In reviewing the legislative history of Public Act 82-515, the arguments in the House and Senate clearly indicate that the awarding of costs and attorney fees was intended to be mandatory. (Illinois House of Representatives, 82nd General Assembly, Transcription of Debate, House Bill 534, April 22, 1981, at 63-64; May 14, 1981, at 267-76; June 29, 1981, at 23-28; Illinois Senate, 82nd General Assembly, Transcription of Debate, House Bill 534, June 16, 1981, at 72-73; June 23, 1981, at 76-79.) The legislature was concerned with the problem of nonsupport by parents who had been ordered by prior court decree to pay child support. It was pointed out during the debates that in the majority of cases the parent who is supposed to be paying child support to the custodial parent fails to do so. Because of this lack of support many custodial parents and their children must live on public aid. If the custodial parent tries to enforce the order of child support by court action, the party has the added financial burden of paying costs and attorney fees. This financial burden deters many custodial parents from enforcement action. It was noted that in some instances the amount of fees can exceed the amount of support arrearage so that there is no advantage in enforcement. The legislature also thought that if the change were enacted, out-of-court settlement of these child support cases would increase because the delinquent parent would know he or she was liable for costs and fees if the matter went to court.
The legislature also took into consideration the fact that in certain cases the delinquent parent may have reasons for nonpayment of support. The original bill was amended in the Senate to reflect this consideration by adding the requirement that nonpayment of support was "without cause or justification." The legislature specified that it would be within the discretion of the trial court to determine if the nonpayment of support was without cause or justification.
• 2 Clearly the intention of the legislature was that the word "shall" in section 508(b) be mandatory. The purpose behind the amendment to section 508 would not be served if a permissive meaning was placed on "shall." The custodial parent would be in the same position he or she was prior to the passage of the amendment if "shall" is not meant to be mandatory. Therefore, we find that section 508(b) is a mandatory provision requiring the trial court to order the parent against whom the child support enforcement action was brought to pay the costs and reasonable attorney fees incurred by the custodial parent in bringing the action. Of course, the court must find the delinquent parent failed to pay support "without cause or justification."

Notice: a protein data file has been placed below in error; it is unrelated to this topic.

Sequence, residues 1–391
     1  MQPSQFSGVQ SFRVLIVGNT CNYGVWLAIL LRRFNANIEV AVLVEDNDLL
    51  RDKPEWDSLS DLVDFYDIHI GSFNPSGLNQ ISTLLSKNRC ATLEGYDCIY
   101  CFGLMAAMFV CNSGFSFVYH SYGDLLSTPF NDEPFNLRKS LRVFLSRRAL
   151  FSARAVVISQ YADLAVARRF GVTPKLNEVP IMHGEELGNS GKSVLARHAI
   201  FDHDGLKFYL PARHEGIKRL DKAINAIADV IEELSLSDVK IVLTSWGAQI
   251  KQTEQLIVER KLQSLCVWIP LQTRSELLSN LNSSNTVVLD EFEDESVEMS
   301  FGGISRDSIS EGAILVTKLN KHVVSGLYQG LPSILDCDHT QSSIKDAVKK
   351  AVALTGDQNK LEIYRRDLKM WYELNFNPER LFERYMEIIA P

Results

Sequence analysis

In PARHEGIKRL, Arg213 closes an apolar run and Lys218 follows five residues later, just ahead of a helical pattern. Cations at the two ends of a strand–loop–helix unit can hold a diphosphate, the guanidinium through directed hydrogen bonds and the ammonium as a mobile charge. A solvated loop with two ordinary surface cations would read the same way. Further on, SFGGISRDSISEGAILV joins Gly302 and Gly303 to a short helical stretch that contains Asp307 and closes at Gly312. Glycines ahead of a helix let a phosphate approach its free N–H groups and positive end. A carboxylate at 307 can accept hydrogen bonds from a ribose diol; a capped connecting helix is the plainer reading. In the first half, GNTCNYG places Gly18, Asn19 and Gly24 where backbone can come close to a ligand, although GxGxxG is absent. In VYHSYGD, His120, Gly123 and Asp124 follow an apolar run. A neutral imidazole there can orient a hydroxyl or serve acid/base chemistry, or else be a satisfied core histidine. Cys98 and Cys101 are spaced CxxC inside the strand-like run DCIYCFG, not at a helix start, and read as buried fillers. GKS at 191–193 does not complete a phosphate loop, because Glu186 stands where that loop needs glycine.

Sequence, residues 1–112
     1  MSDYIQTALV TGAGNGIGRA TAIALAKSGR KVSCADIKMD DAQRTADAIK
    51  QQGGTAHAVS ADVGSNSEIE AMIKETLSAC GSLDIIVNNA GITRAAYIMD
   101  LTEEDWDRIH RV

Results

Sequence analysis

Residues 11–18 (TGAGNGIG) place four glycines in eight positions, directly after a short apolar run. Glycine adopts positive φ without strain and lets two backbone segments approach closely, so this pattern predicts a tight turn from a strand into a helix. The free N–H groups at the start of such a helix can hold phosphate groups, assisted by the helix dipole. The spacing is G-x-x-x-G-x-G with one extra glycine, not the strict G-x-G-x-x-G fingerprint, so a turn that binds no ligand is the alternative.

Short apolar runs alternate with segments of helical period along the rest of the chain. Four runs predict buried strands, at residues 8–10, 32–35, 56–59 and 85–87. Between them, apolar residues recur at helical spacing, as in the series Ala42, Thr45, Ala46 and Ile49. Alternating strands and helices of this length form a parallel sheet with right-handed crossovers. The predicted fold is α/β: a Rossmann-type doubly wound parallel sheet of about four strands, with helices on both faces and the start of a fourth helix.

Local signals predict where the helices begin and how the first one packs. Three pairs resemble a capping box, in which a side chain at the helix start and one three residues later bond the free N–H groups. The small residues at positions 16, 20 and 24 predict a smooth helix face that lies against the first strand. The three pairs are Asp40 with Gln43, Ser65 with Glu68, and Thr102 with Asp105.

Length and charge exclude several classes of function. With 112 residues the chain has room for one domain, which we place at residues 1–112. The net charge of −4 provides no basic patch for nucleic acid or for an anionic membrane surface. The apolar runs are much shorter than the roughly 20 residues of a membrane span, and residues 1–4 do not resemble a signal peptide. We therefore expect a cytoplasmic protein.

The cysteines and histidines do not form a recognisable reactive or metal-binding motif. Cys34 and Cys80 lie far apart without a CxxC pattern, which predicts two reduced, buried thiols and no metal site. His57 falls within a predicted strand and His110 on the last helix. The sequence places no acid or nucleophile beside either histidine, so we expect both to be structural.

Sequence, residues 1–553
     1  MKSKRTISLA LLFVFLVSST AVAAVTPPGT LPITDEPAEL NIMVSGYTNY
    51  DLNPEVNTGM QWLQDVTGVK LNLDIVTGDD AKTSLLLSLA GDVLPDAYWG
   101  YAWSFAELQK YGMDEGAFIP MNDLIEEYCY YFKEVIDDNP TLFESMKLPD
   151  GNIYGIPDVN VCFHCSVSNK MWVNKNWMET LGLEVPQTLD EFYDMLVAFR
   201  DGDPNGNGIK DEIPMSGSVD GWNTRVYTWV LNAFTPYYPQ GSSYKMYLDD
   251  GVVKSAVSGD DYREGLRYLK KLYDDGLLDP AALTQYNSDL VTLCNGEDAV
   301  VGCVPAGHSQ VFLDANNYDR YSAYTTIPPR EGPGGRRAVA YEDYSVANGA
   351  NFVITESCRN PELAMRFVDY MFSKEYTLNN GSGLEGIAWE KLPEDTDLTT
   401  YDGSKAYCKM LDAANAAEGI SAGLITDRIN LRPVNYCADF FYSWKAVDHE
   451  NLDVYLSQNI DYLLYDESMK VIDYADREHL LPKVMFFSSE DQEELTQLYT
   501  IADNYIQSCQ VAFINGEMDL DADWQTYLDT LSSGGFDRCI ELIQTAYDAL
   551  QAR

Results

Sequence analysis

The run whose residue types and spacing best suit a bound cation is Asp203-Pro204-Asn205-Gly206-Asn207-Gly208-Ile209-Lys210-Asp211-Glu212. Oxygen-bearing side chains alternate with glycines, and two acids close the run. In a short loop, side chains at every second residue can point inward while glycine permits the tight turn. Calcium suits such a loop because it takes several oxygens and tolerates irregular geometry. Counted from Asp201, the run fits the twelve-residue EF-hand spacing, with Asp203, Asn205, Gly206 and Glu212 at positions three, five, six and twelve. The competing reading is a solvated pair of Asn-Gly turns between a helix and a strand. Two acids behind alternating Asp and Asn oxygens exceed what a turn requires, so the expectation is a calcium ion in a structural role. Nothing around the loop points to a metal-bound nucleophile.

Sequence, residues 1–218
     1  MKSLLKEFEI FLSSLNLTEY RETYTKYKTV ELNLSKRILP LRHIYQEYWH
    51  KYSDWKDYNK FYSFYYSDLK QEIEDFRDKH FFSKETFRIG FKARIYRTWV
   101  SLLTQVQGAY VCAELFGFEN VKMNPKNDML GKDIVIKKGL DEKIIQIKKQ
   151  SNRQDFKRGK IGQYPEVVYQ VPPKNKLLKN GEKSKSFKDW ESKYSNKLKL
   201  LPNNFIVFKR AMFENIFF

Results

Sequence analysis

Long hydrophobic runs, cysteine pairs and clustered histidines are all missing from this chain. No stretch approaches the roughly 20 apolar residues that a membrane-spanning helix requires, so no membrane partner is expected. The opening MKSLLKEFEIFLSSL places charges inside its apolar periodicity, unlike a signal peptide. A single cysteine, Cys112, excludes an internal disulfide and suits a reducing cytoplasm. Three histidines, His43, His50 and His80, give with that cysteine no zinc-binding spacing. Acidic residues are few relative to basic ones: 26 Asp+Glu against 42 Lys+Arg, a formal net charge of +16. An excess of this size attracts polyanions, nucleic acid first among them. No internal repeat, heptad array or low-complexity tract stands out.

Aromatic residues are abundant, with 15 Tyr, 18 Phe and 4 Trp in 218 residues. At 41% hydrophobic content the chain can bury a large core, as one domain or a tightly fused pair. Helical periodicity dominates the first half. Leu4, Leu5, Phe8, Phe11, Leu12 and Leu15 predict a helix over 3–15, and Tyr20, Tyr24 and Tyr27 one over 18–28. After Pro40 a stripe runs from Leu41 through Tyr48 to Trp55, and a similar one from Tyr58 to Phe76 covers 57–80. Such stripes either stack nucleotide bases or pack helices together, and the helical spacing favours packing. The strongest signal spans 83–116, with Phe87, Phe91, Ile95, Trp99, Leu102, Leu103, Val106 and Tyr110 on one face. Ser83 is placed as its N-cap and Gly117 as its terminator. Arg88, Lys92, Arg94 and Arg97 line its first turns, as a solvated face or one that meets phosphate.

• 3 The trial court in the instant case failed to order the respondent to pay the reasonable attorney fees incurred by the petitioner. The June 7, 1982, order indicates that the respondent was "without cause or justification" in his failure to pay child support. The order stated that the respondent failed to prove his defense of equitable estoppel and found the respondent in wilful contempt of court. The petitioner, the custodial parent, was awarded relief in her child support enforcement action against the respondent. Section 508(b) required that the respondent be ordered to pay the petitioner's costs and reasonable attorney fees under the circumstances here.
Based on the foregoing analysis, that part of the order of the circuit court of Tazewell County which denied attorney fees to the petitioner is vacated. The cause is remanded for a hearing to determine the costs and reasonable attorney fees incurred by the petitioner in the enforcement action, the payment of which is to be made by the respondent.
Vacated and remanded.
ALLOY and SCOTT, JJ., concur.